Humanoid robots built by high school intern at NVIDIA

Building robots for pleasure is perhaps something you wouldn’t think a high school student would want to be doing in their free time, especially in the summer. Sixteen-year-old Prat Prem Sankar, an intern at NVIDIA, however, couldn’t be happier doing just that.

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Building robotsfor pleasure is perhaps something you wouldn’t think a high school student would want to be doing in their free time, especially in the summer. Sixteen-year-old Prat Prem Sankar, however, couldn’t be happier doing just that.

An intern at NVIDIA, Sankar’s interest in robotics began more than five years ago when his father bought him a Lego Mindstorms NXT set, which is programmable version of the toy. At that point, he said, he knew he wanted to be a robotics engineer. Flash forward to 2016’s GPU Technology Conference—the world’s largest event for GPU developers—where he sat in on a tutorial on deep learning. Here, said Sankar, is where he first saw the possibilities of what deep learning could be used for.

"It was the kind of technology I wanted to see in robotics. I knew right away I had to be part of the company."

Two months later, he joined NVIDIA as a summer intern, where he was given the chance to utilize deep learning by building three humanoid robots using Jetson TX1 embedded system developer kits, which are capable of running complex, deep neural networks.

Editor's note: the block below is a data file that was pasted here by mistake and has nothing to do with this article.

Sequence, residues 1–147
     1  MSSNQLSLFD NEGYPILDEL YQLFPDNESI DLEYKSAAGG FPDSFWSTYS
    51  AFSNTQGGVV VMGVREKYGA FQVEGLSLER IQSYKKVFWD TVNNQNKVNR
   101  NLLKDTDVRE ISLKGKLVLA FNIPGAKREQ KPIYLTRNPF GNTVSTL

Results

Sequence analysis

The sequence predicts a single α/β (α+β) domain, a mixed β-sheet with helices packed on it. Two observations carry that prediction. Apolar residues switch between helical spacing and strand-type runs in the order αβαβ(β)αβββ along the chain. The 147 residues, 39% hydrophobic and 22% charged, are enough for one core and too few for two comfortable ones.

The Jetson TX1 features 1 Teraflop / 254-core with NVIDIA Maxwell architecture, 64-bit ARM A57 CPU, 4K video encode (30 Hz) and decode (60 Hz), and a camera interface capable of handling up to six cameras, or 1400 MPixels/s. Sankar’s robots, which he named Cyclops, were programmed by showing them thousands of images from the internet. In the video, the Cyclops robot is shown "looking" at an apple using a Logitech webcam, and is able to recognize it and keep it within its range of vision. It sees it as an apple, and is "confirming it constantly, checking back with the Jetson."

"The second that apple drops out of frame, and you put an orange [in frame] or replace it with some other kind of fruit, the robot continues searching—it’s still looking for the apple. Deep learning is flashing thousands of images of apples, oranges, bananas, and other types of fruit—or whatever objects you want—and it creates a network, saying if it is red, go here, if it’s a little round, go here."

In addition to his internship at NVIDIA, Sankar continues to build robots with his FIRST robotics team, the Arrowbotics. As the vice president of engineering, he has helped his team excel in competitions. Earlier this year, they built an obstacle-tackling robot that made it to the quarterfinals in the Silicon Valley Regional FIRST Robotics Competition. NVIDIA was recently named a gold-level supplier of the FIRST Robotics Competition, which is part of the company’s effort to inspire more young students like Sankar to become science and technology innovators.

View the NVIDIA blog post on Sankar’s work.

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